Calculator Techniques for Engineering Mechanics Using Casio Calculators
Ray is a licensed engineer in the Philippines. He loves to write about mathematics and civil engineering.
Engineering mechanics is an applied section in the field of Mathematics that includes a variety of problems that are realistic. Whenever you see trusses, you might be wondering of the value of the axial forces of each member. When you see a cable hanging, you might think of the tension forces in each cable. It is the branch of physics that supports the subdivided fields like Kinematics and Dynamics. In terms of Mathematics, mechanics is one of the most used subjects in realworld scenarios. It is subdivided into 3 minor sections or branches namely:
 Statics
 Dynamics
 Kinetics.
Engineering Mechanics plays a vital role in board examinations. Most of the mathematical problems require you to use Engineering Mechanics either it is in the static, kinematic or dynamics field. It is also the basic foundation in learning Structural Theory. Structural Theory is a course related to Structural Engineering that covers applied physics and performance of different materials and geometric properties. In fact, Engineering Mechanics is the widely used component of Physics by American Society of Civil Engineers.
What You'll Learn:
 Right Triangle Technique
 Components of a 2D Force
 Concurrent  Coplanar Force System
 Non  Concurrent Coplanar Force System
 Components of a 3D Force
 Parallel  Noncoplanar Force System
 Equilibrium of Coplanar Forces
 Beams
 Centroid or Moment of Inertia
Calculator Techniques in Engineering Mechanics are very easy to learn. It just uses 'STAT' mode and 'EQN' mode of your calculators. Casio calculators are highly recommended in learning the following calculator techniques.
Right Triangle Technique
In the figure below, find the remaining side and angles if A=5 and B=7.
CALCULATOR TECHNIQUE
You might have heard rectangular and polar coordinates in your Analytic Geometry class. These functions are to use in this kind of problem in Mechanics. Calculators today have functions called 'Rec' and 'Pol' Functions. These functions are located in the lower right portion of your calculator where plus and minus operations are situated.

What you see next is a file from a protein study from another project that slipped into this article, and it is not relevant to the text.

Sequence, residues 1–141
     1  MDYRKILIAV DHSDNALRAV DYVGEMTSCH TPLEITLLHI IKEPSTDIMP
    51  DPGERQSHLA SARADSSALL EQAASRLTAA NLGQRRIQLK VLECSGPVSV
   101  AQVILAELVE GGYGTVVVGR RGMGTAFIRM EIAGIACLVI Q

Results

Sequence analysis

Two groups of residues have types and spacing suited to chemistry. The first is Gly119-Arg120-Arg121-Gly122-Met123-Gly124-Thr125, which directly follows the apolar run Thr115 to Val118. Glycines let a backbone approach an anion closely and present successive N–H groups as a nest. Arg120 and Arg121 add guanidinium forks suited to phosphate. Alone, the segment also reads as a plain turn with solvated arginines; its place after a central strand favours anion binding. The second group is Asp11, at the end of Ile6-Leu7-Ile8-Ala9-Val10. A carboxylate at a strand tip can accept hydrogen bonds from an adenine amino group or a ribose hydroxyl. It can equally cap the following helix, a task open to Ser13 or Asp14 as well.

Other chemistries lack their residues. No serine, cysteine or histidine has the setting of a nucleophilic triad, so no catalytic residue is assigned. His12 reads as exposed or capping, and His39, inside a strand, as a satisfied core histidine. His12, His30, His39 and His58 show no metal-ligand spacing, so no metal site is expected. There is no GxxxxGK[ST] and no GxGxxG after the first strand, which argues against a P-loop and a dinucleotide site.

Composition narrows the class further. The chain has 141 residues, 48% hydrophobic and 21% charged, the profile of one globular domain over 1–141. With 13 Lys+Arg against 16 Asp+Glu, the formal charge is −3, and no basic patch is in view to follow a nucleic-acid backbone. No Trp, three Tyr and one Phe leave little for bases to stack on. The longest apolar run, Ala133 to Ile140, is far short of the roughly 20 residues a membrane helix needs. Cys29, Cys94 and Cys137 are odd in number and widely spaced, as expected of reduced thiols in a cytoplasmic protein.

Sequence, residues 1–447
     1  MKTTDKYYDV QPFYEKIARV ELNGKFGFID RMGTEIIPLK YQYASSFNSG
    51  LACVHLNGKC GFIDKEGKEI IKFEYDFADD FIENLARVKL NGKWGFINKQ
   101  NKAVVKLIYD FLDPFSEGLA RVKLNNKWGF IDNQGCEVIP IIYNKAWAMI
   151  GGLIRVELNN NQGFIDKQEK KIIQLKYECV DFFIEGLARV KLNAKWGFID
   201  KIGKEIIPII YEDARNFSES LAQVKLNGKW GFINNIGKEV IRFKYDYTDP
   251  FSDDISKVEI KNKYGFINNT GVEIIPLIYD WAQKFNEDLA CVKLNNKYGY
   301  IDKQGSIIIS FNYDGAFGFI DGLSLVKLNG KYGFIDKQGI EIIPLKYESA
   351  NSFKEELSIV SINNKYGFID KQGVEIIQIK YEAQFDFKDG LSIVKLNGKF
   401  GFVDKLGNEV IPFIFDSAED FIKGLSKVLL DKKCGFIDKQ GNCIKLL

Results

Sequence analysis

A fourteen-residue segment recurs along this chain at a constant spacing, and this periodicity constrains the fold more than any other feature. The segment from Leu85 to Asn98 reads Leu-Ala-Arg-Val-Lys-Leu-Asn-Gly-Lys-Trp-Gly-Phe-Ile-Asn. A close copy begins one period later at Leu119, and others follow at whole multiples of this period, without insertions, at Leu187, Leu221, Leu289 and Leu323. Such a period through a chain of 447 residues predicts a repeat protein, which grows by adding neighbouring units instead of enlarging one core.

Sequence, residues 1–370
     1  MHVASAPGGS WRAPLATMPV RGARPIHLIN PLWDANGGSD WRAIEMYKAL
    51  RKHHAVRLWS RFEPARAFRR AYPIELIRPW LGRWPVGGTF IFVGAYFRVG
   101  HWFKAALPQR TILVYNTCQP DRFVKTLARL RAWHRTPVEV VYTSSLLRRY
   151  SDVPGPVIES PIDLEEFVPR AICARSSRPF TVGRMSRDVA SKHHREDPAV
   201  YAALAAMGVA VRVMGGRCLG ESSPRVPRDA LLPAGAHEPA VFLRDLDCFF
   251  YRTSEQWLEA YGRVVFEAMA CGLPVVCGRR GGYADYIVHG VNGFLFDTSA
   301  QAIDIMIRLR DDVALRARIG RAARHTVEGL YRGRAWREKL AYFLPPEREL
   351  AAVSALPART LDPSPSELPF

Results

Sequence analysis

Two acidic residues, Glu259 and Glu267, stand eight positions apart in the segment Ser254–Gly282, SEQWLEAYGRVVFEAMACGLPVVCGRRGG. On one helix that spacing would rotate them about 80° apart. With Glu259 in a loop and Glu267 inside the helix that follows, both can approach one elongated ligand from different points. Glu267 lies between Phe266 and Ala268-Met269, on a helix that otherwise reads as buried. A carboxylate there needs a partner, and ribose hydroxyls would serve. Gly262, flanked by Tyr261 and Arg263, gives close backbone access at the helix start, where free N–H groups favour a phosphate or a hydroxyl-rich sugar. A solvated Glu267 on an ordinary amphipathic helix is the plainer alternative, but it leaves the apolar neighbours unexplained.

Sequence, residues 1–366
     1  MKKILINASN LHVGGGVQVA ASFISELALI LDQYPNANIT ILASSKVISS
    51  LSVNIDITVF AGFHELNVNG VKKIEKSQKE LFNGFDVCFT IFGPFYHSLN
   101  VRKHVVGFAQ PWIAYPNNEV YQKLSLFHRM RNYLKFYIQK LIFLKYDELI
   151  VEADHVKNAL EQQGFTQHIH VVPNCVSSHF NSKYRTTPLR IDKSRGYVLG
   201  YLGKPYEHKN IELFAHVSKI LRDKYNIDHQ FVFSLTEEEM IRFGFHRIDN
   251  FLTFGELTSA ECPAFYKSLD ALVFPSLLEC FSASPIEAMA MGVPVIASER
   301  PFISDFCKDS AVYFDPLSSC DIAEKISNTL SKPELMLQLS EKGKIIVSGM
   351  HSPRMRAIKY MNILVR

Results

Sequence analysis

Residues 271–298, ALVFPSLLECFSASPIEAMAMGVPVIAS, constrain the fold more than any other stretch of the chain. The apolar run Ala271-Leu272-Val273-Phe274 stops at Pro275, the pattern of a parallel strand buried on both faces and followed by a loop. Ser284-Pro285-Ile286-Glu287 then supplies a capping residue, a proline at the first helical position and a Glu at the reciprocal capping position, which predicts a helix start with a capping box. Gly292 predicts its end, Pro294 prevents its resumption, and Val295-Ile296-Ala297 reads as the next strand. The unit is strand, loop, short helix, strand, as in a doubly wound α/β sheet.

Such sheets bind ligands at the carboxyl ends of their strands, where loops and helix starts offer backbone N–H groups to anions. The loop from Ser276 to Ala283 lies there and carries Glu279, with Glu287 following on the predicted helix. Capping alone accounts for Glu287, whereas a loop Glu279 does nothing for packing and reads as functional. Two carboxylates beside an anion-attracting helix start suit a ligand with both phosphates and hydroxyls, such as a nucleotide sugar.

'Rec' function converts polar coordinates (r,θ) into rectangular coordinates (x,y). On the other hand, 'Pol' function converts rectangular coordinates to polar coordinates. To use the 'Rec' function in your calculator, press [SHIFT] then press the [] operation on the lower right corner. To use the other function which is the 'Pol' function, press [SHIFT] then [+].
To start, let x=5 and y=7.
1. Remain your calculator in computation mode [1: COMP]. Then, use the 'Pol' function.
Command: SHIFT]  [+]
2. Input the values x, y in the form (x,y).
Command: [5]  [SHIFT]  [ ) ]  [7]  [ ) ]
In this step, your screen should display: Pol(5,7)
3. Press Enter or equal sign (=). There are two answers displayed in your calculator. The first one is the 'r' and beside it is 'θ'. The first answer 'r' is considered the length of the hypotenuse C while 'θ' corresponds to the angle opposite B which is β. From these values, you may now be able to get the last angle α by subtracting 90° and β from 180°.
Command: [ = ]
Answers:
r = 8.602325267 ≅ C
θ = 54.46232221 ≅ β°
Components of a 2D Force
In the figure shown, find the xcomponent and ycomponent of the force if F = 5000 N and angle θ = 35°.
CALCULATOR TECHNIQUE
Let r = 5000 N and θ = 35°.
1. Apply the right triangle technique but this time around using 'Rec' function.
Command: [SHIFT]  []
2. Input the values r and θ in the form (r,θ).
Command: [5000]  [SHIFT]  [ ) ]  [35]  [ ) ]
It should display: Rec(5000,35)
3. Lastly, press the equal sign. This time, the calculator displays values in rectangular coordinates, x, and y. The 'x' coordinate corresponds to the xcomponent of the force F while the 'y' coordinate corresponds to the ycomponent of the force F.